Over at The New York Times op-ed page, Thomas Friedman has written a very good column on the disconnect between normal human Americans and policy elites on the matter of the proposed Syrian intervention. It's worth a read.
Unfortunately, Friedman's very good column has been encased in a very bad column about a pink-haired shop clerk in Bern, Switzerland, who blew a kiss to a woman outside, and sold Friedman some nectarines, because Friedman needed some nectarines. The blown kiss causes Friedman to remark that the clerk had "not a care in the world," leading him to conclude that it must be "nice to be a Swiss" and not have to spend time "agonizing over the proper use of force against Bashar al-Assad," or feel any duty to "the global commons."
From there, the column ruminates briefly on President Barack Obama's hair, which is not pink. The unpinkness of Obama's hair is considered for a few sentences, which culminate in a very bad Grecian Formula joke, and then you hear the sound of thousands of people clicking "close tab" and getting on with their lives.
Which is too bad, because closing the tab meant missing this:
The fact that Americans overwhelmingly told Congress to vote against bombing Syria for its use of poison gas tells how much the divide on this issue in America was not left versus right, but top versus bottom. Intervening in Syria was driven by elites and debated by elites. It was not a base issue. I think many Americans could not understand why it was O.K. for us to let 100,000 Syrians die in a civil war/uprising, but we had to stop everything and bomb the country because 1,400 people were killed with poison gas. I and others made a case why, indeed, we needed to redraw that red line, but many Americans seemed to think that all we were doing is drawing a red line in a pool of blood. Who would even notice?
This marks the beginning of Friedman's good column, and if you excuse the last sentence, which calls back the whole deal with the hair, it is all worth reading right to the end.
So what went wrong here? How can this be avoided? To my mind, the issue is one of medium. Friedman writes as if he is a print columnist. And to be fair, he is a print columnist. But he's not a very good print columnist. He's become known as The Print Columnist Who Talks To Taxi Cab Drivers and The Print Columnist Who Derives Special Meaning From The Way The Hotel Concierge Behaves. And people hate this stuff. This is the stuff that drags Friedman into the world of metaphors, where he has famously failed to succeed.
The good news, though, is that we live in a hyper-connected world. Something very big happened in the past decade. Thanks to cloud computing, robotics, 3G wireless connectivity, Skype, Facebook, Google, LinkedIn, Twitter, the iPad, and cheap Internet-enabled smartphones, the world has gone from requiring writing of importance to be burned onto dead tree pulp to using a platform called the Internet to broadcast news and opinion. And the great thing about this particular platform is that it actually tends to reward people who get right to the point.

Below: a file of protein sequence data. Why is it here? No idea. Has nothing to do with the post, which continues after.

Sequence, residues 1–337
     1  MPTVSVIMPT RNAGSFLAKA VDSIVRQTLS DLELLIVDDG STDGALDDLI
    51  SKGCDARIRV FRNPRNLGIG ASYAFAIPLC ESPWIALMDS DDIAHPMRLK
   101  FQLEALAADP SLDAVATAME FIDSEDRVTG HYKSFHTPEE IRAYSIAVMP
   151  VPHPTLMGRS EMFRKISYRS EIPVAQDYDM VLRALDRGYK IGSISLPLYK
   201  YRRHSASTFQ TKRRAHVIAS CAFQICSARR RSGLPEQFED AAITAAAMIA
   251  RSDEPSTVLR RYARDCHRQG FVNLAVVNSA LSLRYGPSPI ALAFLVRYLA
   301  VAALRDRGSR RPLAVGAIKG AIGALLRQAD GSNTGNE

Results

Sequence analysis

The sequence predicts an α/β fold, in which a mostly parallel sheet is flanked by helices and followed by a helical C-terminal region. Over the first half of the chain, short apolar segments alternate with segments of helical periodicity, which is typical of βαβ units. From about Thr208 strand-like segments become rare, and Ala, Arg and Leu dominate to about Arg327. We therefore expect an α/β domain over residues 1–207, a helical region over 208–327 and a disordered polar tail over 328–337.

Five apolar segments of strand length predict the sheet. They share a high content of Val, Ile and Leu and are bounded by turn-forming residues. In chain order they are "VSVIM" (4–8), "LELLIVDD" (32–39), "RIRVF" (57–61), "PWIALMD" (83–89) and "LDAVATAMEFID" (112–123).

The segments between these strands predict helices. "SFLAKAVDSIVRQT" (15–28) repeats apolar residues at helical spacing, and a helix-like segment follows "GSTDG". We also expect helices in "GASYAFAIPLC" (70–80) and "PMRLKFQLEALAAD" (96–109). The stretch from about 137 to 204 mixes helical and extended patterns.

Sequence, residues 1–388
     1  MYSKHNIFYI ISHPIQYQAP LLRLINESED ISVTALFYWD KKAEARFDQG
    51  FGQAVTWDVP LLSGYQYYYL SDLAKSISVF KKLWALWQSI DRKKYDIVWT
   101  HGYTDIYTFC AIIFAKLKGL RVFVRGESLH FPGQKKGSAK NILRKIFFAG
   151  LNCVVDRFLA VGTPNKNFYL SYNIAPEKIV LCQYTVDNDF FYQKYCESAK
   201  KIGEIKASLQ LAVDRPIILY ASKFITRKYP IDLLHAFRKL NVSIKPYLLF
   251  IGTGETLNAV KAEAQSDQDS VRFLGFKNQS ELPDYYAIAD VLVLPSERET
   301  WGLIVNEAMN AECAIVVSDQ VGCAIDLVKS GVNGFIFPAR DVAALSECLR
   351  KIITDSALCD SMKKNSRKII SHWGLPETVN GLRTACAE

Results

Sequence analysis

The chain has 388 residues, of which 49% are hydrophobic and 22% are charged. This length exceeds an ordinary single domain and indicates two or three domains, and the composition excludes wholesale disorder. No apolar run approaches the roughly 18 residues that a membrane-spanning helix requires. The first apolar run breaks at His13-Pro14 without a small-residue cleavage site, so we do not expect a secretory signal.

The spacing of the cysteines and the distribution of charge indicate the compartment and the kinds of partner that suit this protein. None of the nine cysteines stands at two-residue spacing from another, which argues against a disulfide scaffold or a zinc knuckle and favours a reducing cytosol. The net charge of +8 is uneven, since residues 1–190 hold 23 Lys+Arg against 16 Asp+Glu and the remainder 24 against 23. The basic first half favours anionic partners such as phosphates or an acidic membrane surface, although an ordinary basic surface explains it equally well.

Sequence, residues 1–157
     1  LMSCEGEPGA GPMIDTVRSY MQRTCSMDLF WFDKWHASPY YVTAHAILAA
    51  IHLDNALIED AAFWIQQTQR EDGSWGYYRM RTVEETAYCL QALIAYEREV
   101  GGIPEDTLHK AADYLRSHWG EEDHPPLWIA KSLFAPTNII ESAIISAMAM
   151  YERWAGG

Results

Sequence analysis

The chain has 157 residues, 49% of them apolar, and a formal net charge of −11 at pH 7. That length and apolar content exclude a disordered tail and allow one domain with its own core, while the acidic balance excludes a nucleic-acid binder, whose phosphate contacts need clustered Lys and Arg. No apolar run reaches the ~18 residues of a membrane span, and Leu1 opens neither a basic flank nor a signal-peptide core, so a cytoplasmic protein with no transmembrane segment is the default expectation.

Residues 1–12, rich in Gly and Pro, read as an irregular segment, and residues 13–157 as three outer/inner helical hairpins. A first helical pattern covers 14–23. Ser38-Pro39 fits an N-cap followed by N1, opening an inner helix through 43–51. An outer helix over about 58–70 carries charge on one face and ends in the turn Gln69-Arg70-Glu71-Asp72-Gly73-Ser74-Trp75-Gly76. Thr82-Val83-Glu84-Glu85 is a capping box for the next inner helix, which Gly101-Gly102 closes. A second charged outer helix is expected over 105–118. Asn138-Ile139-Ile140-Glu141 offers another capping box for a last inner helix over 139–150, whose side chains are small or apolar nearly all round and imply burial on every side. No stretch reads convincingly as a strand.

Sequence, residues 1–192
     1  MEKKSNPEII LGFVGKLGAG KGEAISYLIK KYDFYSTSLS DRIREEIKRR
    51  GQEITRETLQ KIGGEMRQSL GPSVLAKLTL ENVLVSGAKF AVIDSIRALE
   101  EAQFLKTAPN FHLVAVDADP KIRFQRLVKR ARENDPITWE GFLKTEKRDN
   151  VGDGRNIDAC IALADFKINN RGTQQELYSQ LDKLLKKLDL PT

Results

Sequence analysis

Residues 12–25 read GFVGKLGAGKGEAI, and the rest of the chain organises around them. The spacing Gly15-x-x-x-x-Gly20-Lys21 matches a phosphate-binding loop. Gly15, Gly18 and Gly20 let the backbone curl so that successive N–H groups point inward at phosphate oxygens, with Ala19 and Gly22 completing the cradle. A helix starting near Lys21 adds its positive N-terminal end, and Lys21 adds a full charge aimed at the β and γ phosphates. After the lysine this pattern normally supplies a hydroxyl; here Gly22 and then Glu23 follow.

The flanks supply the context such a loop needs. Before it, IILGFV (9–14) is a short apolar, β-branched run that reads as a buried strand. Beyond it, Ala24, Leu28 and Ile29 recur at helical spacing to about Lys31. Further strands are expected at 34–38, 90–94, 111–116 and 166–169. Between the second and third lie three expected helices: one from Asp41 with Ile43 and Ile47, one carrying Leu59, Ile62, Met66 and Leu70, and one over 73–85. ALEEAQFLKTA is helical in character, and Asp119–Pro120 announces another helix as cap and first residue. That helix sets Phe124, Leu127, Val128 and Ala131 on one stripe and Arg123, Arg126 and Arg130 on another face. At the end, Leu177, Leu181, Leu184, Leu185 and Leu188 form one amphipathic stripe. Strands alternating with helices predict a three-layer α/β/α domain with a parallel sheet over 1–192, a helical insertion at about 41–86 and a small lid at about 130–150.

Paul Krugman, for example, writes for the internet. He has a blog called "The Conscience of a Liberal," and he writes there without all the fussy constraints of having to serve up eight paragraphs when he only needs three.
Had Krugman written this piece, he would have simply began it by saying, "The fact that Americans overwhelmingly told Congress to vote against bombing Syria for its use of poison gas tells how much the divide on this issue in America was not left versus right, but top versus bottom. Intervening in Syria was driven by elites and debated by elites. It was not a base issue." He would have sat back, looked over those sentences, and thought, "There's the hook, let's proceed from there." He would not have buried his lede underneath so much magenta coiffure.
The New York Times should consider cutting Friedman in on this whole Internet thing they've got going! Could be that the medium is just the paradigm shift Friedman needs to leave this fussy way of writing behind. He wouldn't feel obligated to pad out his columns with weird anecdotal details of Swiss grocers. He'd just have his take, write it down, and be done with it, without losing any thoughtfulness or provocation.
It would be a great benefit for the readers who are stealing five minutes from their workdays to read one good thing on the Internet, and it would save them from wasting their time reading about Friedman's trip to get some nectarines. (I mean, you know who really doesn't have a care in the world? The guy skylarking around Switzerland in search of fruit.)
The Internet! It truly is a marvel. And by the way Tom, you can also use the Internet to find out that Switzerland is actually ranked ahead of the United States in terms of its "dedication to policies that benefit poor nations" (hat tip to Dan Drezner), proving that maybe you can't learn everything there is to know about a nation's commitment to "the global commons" from the blown kiss of a pink-haired grocer.
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